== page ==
Beware of blowing out your budget

Jean is about to jet off to Canada and wants to know if tipping there is the same as in the US. Today, we explain the gratuities in the Great White North and share a simple tipping video.

Q. Jean
I’ve read your stories about Canada and booked my flights to visit the polar bears and see the Northern Lights this Canadian winter. I do have a budget and want to know if I need to set some money aside for tipping, as they say you should do when visiting the US. Some of my friends have been to Canada and they said you don’t need to tip, but I have read elsewhere that you do. Can you clear that up for me?

A. The tipping situation in Canada is similar to that of the US. Sure, you don’t have to tip, but most hospitality workers are on a minimum wage and rely on tips to make a decent living. Your friends who didn’t tip probably weren’t aware that many restaurants charge their staff a service tax (yep, you read that right), which is an eight per cent take on a waiter’s gross sales for the day. This means the waiter actually had to pay to serve you.

Also, it’s common practice for wait staff to have to ‘tip out’ at the end of each shift, meaning they are required to give a percentage of total sales to cover tips for hostesses, bussers, and similar service staff. This happens regardless of whether you tip or not.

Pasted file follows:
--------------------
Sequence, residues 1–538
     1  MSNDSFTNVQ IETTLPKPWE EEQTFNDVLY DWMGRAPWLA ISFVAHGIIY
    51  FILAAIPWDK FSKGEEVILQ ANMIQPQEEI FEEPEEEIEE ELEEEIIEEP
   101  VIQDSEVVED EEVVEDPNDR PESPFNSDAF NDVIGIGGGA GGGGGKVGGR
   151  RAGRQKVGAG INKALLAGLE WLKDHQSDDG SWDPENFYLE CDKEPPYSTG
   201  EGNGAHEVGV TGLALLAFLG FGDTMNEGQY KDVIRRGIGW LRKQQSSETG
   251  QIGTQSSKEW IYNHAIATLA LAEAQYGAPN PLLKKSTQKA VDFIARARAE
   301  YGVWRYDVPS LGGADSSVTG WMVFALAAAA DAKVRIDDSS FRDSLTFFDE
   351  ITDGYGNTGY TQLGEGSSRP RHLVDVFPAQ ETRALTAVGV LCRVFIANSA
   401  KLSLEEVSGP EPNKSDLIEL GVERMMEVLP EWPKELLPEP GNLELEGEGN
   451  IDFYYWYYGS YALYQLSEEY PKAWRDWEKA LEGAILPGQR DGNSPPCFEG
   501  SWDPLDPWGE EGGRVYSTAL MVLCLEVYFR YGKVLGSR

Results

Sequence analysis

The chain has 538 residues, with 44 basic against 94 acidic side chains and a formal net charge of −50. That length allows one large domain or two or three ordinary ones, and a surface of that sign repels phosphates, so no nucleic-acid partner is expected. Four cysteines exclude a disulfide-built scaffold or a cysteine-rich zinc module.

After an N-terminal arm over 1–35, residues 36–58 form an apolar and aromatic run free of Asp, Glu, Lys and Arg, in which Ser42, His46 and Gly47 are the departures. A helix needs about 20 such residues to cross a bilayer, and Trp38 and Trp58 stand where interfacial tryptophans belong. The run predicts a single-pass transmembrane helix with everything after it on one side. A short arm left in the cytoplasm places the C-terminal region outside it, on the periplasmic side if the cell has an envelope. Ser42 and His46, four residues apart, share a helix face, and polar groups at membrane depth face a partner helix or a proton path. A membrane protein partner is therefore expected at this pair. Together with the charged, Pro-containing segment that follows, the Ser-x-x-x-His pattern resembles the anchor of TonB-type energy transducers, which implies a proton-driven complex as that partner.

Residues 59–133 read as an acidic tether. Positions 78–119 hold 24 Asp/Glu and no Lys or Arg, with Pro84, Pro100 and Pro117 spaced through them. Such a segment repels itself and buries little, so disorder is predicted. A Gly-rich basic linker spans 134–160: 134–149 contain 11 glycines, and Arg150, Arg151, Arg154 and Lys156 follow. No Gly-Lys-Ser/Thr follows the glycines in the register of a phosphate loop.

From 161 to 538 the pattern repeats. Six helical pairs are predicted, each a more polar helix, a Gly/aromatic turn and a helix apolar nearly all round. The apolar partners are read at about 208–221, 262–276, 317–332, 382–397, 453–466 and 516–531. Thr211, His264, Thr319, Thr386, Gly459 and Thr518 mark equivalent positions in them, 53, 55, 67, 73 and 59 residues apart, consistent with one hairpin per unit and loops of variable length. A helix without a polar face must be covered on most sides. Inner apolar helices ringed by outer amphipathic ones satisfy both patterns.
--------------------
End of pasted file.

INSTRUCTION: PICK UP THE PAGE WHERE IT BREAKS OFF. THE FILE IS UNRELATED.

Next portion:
Sounds a bit unfair, right?

So, most waiters hope for a tip between 15 and 20 per cent (before tax), to cover this fee and to make ends meet. If you receive excellent service, perhaps you might tip more or, if your waiter was substandard, a little less.

It’s also nice to tip your hotel staff. Canadians are known for being uber-polite – you may have heard the old saying, “how can you tell the difference between a Canadian and an American? The Canadian says please and thank you”. This means that the staff will often refuse tips but, although often unsaid, still highly appreciate it if you insist.

The same goes for taxis, tour guides and drivers – in fact, most service providers will be very grateful for a 10 per cent tip.

It all may sound a bit confusing, so to help matters, Ryan has created a special video, that shows you the basics of tipping in Canada.

Just a few things to add:

  • you don’t have to tip for counter service – it’s your choice and you won’t be judged for not doing so
  • when a gratuity is automatically charged, you don’t have to tip over and above this amount
  • if the service is not worth a tip, don’t tip
  • if the food is bad, remember, it’s not the waiter’s fault and it’s unfair to penalise them for the cook’s poor performance
  • when leaving tips for housekeeping staff, write a thank you note on hotel stationery and place the money underneath.

So, that’s tipping in a nutshell. Hope it helps!

Have you been to Canada? How did you find the ‘tipping thing’?

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Written by Leon Della Bosca

Leon Della Bosca has worked in publishing and media in one form or another for around 25 years. He's a voracious reader, word spinner and art, writing, design, painting, drawing, travel and photography enthusiast. You'll often find him roaming through galleries or exploring the streets of his beloved Melbourne and surrounding suburbs, sketchpad or notebook in hand, smiling.